My rating: 4 of 5 stars
Time taken to read - 8 hours (one sitting)
Pages - 401
Publisher - Avon books
Source - Bought
Blurb from Goodreads
A gritty tale of family and a love that holds no bounds, from the best-selling author of Nobody’s Girl and A Father’s Revenge
Celia Frost has always thought herself a cut above the other residents of Lark Rise in Battersea. When her beloved son, Thomas, starts seeing Amy Miller, a girl from the bottom of the Rise, Celia disapproves, thinking her common.
When Celia's husband leaves her and Thomas announces he is to marry Amy, she is more determined than ever to split them up.Celia needs an ally, so she writes to her elder son, Jeremy, asking him to come home.
Jeremy’s arrival unleashes a tide of jealously and hate. He wants everything that belongs to Thomas – especially Amy. As Jeremy’s dangerous obsession for his brother’s wife grows, Amy must fight for her marriage, and her baby.
The heartbreaking new novel from the bestselling author of A Father’s Revenge and Nobody’s Girl.
I have only read one Kitty Neale book before this one and I want to say it was a blog tour that brought her to my attention, I forgot how much I enjoyed it and will be adding more of hers to my wishlist. Set in Battersea, South London, 1956 we head to a small community with different social standings. For example Amy Millar comes from a working class family, scrimping by, her dad in a low paid job with his post war injury, her mum working double jobs but they are loved and happy. Amy's boyfriend Thomas Frost comes from a different type of family, his dad owns his own business, his mother Celia is a keeping up with the Joneses and feels Amy is far too common for her precious son, her marriage is not an overly happy one. We have wee characters in between, old Winnie next door, Amy's mum looks out for, even missing out on stuff to ensure Winnie does not. Mabel, Amy's mums friend and town busybody who reveals in dramas and gets herself in hot water sometimes. It is quite the small community but the dramas are huge and a plenty.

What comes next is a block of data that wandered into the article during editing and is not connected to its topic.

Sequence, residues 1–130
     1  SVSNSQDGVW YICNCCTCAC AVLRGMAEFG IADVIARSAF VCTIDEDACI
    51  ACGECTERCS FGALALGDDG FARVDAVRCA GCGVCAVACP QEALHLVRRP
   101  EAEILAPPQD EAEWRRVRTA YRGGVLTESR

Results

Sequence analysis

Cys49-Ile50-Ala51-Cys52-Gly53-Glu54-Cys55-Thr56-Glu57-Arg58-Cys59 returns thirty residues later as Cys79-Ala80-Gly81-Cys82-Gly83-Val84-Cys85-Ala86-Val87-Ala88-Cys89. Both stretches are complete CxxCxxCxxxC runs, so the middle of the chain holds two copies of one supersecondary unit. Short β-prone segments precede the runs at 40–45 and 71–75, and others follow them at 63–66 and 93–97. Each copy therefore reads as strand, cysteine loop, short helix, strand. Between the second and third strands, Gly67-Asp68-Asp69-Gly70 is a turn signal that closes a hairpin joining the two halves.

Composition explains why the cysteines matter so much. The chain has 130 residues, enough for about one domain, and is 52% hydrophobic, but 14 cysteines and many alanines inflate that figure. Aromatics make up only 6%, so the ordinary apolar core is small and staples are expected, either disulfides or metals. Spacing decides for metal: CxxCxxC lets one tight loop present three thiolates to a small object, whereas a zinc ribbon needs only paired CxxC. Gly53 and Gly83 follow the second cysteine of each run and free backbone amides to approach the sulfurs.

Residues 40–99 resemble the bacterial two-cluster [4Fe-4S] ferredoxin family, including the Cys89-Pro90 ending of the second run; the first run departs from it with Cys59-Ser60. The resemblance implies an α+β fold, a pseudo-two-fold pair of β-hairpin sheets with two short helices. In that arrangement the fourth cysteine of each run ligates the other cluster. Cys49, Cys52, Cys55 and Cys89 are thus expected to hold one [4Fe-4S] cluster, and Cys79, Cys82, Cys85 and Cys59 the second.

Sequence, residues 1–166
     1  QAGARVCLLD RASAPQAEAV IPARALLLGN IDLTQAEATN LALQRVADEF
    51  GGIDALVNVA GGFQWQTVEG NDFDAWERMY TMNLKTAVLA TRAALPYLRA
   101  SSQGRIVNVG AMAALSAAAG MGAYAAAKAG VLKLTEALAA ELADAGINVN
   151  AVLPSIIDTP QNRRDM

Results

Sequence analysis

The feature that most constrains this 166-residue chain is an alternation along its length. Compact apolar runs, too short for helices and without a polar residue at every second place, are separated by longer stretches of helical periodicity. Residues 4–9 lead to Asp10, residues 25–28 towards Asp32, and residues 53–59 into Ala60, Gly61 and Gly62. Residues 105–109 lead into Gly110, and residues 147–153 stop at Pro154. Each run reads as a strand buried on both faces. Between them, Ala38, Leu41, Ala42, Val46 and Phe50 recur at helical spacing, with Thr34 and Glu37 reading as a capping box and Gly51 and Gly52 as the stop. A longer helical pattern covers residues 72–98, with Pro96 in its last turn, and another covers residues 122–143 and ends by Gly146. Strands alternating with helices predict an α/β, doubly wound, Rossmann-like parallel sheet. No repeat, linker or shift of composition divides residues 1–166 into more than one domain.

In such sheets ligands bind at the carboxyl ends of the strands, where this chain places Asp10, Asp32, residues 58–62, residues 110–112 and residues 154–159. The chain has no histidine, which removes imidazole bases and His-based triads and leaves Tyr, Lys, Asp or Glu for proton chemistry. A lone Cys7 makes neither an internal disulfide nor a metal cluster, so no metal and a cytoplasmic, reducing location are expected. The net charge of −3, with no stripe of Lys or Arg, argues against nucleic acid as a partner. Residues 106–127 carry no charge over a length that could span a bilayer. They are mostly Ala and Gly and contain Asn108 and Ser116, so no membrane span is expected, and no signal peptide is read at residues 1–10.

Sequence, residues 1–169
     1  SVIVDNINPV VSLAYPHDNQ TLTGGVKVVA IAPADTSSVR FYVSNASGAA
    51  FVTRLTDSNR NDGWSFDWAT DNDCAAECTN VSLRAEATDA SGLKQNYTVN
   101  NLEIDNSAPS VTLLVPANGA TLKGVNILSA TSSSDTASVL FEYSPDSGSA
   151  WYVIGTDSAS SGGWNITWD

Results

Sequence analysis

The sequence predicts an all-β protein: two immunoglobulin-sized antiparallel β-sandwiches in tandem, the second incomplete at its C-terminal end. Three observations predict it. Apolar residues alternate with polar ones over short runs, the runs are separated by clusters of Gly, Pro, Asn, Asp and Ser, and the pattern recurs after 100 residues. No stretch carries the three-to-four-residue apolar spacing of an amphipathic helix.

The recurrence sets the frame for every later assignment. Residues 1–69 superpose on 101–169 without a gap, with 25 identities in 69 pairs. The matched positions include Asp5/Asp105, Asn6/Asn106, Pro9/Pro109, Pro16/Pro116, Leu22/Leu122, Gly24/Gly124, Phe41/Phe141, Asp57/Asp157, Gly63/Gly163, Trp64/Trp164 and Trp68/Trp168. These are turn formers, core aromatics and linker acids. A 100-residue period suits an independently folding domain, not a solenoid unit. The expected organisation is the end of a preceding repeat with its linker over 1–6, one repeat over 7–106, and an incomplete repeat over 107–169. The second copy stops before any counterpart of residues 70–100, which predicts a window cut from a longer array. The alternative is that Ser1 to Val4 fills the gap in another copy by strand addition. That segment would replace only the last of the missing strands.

So guys these types of books often carry some trauma and sexual assault is featured, not in graphic detail but it is mentioned and more than once so heads up. Classism, relationships, friendships, alcohol abuse, poverty and manipulation so there is never really a dull moment.
Amy's family are lovely, despite not having a lot to go around they care for their wee neighbour and absolutely neighbourly whereas Celia Frost has plenty and is just a horrible individual. Overbearing mother, can't let go of the apron strings and I had a hard time feeling any kind of sympathy for her at all she is just a horror. I sank it in one sitting and whilst this was only my second book by this author it will not be my last 4/5 for me this time.
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